How To Use Lactate Threshold To Run Faster

lactate threshold run faster

If you want to learn how to improve running performance this season, keep on reading this post. One simple way is to identify your redline, aka, your lactate threshold. This may sound scientific, but really it’s quite simple to understand, assess, and improve. Here’s how…

What is a redline or lactate threshold?

The definition of lactate threshold is the exercise intensity at which the blood concentration of lactate and/or lactic acid begins to exponentially increase. It builds up in the bloodstream faster than the body can remove it (think Mickey Mouse, with the water bucket, in Fantasia).
As you cross this threshold, your breathing rate increases as does the intensity of exercise. Your body shifts from using fat as a primary fuel source to using a higher percentage of glycogen.

Why it is important to know your redline?

Knowing where your redline is will help you train to improve it, as well as teach you how to run more effectively based on your effort rather than pace.
When you train to raise your redline, you’re able to run faster at easier effort levels (neat huh?). So if you can run at 10:30 pace at your redline now, with training you might be able to run at 10:00 pace or faster well under your redline, and breathing more easily.
One way to raise to raise your redline is to run high intensity intervals like the Sprint 8 Workout. Another way is to run at, or slightly above your redline for a sustained period of time. In the running world this is called a tempo run, and it’s one tool you can use to improve your fitness and performance.

Here’s an example of a Tempo Run (a little like an Oreo Cookie).

  • Warm up walking 3-5 minutes
  • Run at an easy effort (conversational) for 10 minutes
  • Run at a comfortably hard effort (your redline) for 20 minutes
  • Run at an easy effort for 5-10 minutes
  • Walk it out for 3-5 minutes to cool down.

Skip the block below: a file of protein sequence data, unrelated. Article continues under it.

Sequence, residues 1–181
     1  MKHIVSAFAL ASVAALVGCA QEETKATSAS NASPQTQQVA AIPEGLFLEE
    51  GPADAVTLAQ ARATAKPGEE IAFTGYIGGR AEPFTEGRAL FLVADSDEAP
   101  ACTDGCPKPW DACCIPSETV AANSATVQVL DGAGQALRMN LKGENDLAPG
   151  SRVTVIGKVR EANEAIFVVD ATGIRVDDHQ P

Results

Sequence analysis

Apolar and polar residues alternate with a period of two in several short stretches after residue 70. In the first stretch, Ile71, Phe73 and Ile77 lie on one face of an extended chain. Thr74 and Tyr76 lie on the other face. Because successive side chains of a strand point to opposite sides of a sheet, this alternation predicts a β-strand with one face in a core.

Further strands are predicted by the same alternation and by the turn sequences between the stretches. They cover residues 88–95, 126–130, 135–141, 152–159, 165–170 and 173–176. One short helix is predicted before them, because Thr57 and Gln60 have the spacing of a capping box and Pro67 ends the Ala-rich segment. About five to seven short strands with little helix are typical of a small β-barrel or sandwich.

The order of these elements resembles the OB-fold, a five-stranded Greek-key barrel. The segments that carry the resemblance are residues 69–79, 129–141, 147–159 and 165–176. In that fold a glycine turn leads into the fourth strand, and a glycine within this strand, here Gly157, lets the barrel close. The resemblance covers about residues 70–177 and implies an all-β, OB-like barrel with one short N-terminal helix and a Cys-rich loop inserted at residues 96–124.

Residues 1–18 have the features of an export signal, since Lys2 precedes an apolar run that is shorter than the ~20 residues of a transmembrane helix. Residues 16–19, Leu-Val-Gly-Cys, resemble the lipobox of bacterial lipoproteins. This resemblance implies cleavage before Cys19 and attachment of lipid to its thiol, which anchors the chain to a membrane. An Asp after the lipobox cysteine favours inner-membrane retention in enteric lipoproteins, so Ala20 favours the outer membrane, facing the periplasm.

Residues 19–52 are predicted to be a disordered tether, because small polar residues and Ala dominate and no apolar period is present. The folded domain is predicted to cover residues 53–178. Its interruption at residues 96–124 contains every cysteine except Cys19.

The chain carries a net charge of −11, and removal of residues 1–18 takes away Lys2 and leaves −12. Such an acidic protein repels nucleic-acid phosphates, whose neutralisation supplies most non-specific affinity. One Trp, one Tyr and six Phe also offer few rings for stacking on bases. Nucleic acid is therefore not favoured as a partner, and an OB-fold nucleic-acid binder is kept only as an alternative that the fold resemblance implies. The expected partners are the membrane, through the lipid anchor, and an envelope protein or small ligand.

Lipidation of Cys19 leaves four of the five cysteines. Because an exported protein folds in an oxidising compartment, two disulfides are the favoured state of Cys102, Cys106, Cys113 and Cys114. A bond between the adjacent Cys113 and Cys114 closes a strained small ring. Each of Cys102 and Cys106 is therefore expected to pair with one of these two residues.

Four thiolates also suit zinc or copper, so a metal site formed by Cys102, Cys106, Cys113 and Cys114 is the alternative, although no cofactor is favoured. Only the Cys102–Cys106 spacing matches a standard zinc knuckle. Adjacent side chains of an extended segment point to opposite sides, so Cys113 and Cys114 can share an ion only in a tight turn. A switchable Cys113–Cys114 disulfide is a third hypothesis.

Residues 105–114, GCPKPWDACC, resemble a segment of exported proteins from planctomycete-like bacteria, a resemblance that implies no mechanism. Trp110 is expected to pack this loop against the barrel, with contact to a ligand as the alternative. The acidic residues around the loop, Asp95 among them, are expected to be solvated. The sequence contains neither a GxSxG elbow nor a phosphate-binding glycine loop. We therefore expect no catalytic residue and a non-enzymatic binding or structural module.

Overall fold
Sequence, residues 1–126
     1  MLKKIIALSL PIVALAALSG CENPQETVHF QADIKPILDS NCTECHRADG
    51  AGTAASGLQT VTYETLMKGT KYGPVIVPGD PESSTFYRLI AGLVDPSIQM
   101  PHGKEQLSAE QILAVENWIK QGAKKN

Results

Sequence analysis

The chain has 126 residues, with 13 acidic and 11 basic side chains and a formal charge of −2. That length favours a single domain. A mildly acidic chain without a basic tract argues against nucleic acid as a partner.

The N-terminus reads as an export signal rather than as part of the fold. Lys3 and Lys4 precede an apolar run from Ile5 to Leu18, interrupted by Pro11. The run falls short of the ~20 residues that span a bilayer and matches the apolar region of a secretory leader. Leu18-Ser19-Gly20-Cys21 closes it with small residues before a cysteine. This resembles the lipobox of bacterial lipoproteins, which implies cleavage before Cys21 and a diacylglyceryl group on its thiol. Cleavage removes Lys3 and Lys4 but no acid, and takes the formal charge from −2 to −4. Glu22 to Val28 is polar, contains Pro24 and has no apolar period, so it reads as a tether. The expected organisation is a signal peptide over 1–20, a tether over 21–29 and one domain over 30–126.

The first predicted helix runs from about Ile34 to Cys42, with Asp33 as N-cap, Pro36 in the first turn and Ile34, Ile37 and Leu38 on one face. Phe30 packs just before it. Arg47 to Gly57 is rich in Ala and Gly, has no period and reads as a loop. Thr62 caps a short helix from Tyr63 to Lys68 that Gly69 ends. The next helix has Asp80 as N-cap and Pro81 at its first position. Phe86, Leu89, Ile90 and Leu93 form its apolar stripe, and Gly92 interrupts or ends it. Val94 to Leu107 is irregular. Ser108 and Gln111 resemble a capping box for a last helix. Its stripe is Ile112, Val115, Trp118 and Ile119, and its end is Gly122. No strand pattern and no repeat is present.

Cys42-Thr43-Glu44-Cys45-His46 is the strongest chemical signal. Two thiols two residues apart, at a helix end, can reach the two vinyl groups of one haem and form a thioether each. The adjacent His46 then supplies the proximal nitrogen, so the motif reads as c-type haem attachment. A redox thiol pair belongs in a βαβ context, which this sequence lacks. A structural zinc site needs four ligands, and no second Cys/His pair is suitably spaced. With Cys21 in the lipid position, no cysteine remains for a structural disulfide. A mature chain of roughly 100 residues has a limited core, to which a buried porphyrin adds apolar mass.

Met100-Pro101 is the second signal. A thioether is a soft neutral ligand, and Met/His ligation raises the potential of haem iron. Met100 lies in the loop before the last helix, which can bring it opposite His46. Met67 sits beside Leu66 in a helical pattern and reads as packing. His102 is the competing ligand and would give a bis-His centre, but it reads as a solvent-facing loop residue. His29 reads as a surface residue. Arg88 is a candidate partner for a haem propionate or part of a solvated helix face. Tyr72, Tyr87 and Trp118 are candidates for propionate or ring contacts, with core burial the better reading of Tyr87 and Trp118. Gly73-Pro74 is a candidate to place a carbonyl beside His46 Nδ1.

How to Easily Find Your Redline Threshold To Improve Running Performance

You can easily find your redline with this easy to follow assessment. The goal of this assessment is to identify where your redline is, or the point at which you can no longer talk in full sentences while running. It starts you off with an easy walking effort and builds to a comfortably hard running effort over time.
There are many ways to find your redline. I happen to like this method because it guides you into learning what it feels like, is easy to perform, and is great for newbies who may be unfit and unable to perform the more standard 20-minute hard-effort protocol.
The value in performing this assessment is that you can create three training zones that are tailored to your current fitness level, which allows you to train and race based on what is going on in your body on the given day.
The easy Yellow Effort Zone is well below your redline and an effort where you can easily talk out loud without reaching for air. This zone is for easy or longer runs.
The Orange Effort Zone is at or below your redline, and an effort that is outside your comfort zone, and one that you can talk only in a word or two word response.
And the Red Effort Zone is the effort that is above your redline, and one where you can’t speak at all, and your breathing is vigorous and labored.
When you run by your body, you are able to always hit the right zone for the given workout, and adapt and improve more readily. It’s like having a secret weapon!



Coach Jenny Hadfield is a published author, writer, coach, public speaker and endurance athlete. To find out more, visit our Meet Our Writers page or visit Coach Jenny’s website.

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